Hong Kong is on the verge of announcing new regulations that will permit retail investors to trade cryptocurrencies, as it strives to establish itself as a leading financial center in the digital asset space.
The Securities and Futures Commission (SFC) of Hong Kong is expected to unveil the details of its consultation on retail participation during a briefing scheduled for Tuesday. Under the proposed plan, individual investors will be able to trade major tokens like Bitcoin and Ether, starting from next month, subject to appropriate safeguards.
The introduction of a licensing framework for virtual-asset platforms on June 1 is part of Hong Kong’s broader effort to regain its reputation as an innovative financial hub. However, the embrace of cryptocurrencies remains contentious following the market downturn in 2022, which triggered a wave of global bankruptcies, including the collapse of the FTX exchange.
Lennix Lai, the chief commercial officer at OKX, a prominent crypto exchange, anticipates that the conclusions drawn from the consultation will reflect the digital-asset community’s perspective, emphasizing the importance of secure, compliant, and safe retail trading in fostering a robust virtual asset ecosystem.
Recent developments in Malaysia and the Philippines have highlighted the ongoing conflicts between regulators and the crypto industry in the region. Malaysia reprimanded Huobi Global, a crypto exchange platform, for operating “illegally” and ordered it to cease activities within the country. However, a spokesperson from Huobi stated that the exchange had not been active in Malaysia since 2022. Meanwhile, the Philippines raised concerns about a derivatives trading venue established by Gemini Trust Co., alleging that it lacks the necessary permits in the country. Gemini declined to comment on the matter.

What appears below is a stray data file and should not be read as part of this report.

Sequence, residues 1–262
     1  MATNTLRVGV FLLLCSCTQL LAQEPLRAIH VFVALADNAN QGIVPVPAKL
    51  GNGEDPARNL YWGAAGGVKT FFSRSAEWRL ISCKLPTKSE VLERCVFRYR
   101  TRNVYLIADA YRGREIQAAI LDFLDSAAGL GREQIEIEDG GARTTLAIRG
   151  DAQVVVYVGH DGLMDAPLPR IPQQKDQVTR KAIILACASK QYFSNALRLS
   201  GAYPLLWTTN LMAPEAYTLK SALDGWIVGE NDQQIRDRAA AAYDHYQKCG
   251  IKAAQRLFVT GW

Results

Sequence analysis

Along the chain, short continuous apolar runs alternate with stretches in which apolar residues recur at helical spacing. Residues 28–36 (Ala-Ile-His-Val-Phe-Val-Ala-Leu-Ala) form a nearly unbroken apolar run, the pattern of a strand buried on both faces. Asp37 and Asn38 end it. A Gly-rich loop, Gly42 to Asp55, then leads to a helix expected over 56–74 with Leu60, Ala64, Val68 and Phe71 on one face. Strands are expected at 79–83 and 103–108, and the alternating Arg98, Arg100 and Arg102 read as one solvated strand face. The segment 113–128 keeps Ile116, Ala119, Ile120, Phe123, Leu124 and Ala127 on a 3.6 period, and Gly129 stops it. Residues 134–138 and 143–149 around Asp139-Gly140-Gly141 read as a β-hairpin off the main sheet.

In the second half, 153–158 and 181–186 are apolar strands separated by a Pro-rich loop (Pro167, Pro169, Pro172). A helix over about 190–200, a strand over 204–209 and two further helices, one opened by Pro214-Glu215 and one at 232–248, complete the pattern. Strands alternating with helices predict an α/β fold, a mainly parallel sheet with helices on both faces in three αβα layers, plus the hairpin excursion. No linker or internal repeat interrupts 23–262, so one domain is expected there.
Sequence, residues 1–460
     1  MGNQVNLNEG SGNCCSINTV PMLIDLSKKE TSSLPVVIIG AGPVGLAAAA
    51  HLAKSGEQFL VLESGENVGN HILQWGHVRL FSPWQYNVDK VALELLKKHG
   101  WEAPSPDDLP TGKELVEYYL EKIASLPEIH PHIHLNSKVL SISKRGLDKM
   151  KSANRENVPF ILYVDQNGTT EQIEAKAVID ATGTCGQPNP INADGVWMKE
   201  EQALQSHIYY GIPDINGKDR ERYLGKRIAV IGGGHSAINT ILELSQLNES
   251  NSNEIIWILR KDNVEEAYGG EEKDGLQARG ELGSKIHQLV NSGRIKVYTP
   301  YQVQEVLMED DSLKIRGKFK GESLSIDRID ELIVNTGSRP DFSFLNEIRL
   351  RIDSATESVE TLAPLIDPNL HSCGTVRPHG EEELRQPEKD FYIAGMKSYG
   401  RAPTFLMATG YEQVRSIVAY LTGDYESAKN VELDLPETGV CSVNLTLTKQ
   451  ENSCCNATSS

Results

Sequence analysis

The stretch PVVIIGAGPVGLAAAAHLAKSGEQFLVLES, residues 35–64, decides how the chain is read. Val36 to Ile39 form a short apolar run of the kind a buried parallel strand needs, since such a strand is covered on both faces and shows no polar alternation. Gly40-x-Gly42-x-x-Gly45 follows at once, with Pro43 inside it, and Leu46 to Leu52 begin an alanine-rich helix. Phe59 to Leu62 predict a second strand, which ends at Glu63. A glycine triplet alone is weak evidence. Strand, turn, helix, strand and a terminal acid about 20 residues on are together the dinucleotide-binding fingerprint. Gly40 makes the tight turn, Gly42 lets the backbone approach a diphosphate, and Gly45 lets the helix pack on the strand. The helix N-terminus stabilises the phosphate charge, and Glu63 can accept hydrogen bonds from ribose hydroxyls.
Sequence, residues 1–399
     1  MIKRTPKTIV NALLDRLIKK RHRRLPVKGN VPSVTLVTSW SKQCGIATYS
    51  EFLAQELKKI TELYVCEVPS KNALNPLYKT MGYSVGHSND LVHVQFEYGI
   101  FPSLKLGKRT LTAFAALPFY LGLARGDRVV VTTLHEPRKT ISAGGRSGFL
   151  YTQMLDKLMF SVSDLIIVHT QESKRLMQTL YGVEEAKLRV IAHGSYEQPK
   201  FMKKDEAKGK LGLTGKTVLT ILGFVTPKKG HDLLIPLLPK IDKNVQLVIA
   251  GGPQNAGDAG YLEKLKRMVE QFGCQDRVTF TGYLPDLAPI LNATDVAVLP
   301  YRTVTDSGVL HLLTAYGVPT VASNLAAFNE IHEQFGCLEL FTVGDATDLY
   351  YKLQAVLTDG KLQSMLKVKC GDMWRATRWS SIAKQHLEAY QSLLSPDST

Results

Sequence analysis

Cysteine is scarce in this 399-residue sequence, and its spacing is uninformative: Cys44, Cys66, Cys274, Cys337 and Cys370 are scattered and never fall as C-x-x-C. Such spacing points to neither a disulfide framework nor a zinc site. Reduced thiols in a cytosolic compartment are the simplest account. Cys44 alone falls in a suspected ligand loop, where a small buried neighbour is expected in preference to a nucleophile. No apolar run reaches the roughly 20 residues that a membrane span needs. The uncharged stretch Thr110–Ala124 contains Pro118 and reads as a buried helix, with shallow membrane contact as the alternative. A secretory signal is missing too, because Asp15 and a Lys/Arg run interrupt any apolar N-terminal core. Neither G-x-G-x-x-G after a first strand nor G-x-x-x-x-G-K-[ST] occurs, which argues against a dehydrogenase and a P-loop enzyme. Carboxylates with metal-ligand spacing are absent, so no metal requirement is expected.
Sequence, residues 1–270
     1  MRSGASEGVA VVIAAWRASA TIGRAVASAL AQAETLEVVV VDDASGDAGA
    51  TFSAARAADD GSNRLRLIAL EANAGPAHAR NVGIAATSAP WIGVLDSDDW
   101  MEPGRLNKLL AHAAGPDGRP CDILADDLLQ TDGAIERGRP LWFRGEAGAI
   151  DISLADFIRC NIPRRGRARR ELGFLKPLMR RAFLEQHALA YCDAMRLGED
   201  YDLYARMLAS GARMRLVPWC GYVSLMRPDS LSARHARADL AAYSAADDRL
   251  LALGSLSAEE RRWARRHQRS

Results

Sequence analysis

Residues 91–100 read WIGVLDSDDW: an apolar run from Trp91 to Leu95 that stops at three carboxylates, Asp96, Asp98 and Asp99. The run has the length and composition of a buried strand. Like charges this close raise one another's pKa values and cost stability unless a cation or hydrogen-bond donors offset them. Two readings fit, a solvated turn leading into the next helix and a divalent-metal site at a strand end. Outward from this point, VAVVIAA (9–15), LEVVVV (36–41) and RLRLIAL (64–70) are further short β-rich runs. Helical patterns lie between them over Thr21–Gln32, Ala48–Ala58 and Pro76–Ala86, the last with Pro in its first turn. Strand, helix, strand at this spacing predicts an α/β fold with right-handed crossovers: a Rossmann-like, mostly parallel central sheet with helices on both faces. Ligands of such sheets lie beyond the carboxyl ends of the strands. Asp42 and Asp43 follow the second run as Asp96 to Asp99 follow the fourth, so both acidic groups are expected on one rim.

In its consultation paper released in February, Hong Kong outlined a plan to permit individual investors to trade larger cryptocurrencies on SFC-licensed exchanges. The regulator intends to implement safeguards such as knowledge assessments, risk profiling, and reasonable exposure limits.
The consultation paper further stipulated that the cryptocurrencies eligible for trading should be included in at least two acceptable and investible indexes provided by independent entities. Additionally, one of these indexes should have relevant experience in the traditional financial sector.
Globally, regulators face significant challenges in regulating the crypto industry. Jurisdictions like Hong Kong and Dubai are actively seeking to attract crypto-related investments, while Singapore plans to impose restrictions on retail investor participation. South Korea is expected to pass its first independent crypto legislation this week following a series of scandals, and the United States has intensified its crackdown on the sector.
Uncertainties persist regarding Hong Kong’s shift towards cryptocurrencies, especially considering that the industry has experienced setbacks and only partially recovered from the $1.5 trillion market crash in the previous year. Despite this, crypto firms such as Huobi Global, OKX, and Amber Group have expressed their intentions to apply for licenses under the new regulatory framework.
Eddie Yue, Chief Executive of the Hong Kong Monetary Authority, has signaled that companies should prepare for stringent regulatory oversight in this evolving landscape.
“We will let them create the ecosystem here and that actually brings a lot of excitement,” Yue said earlier this month in an interview at the Bloomberg Wealth Asia Summit.
“But that doesn’t mean light-touch regulation.”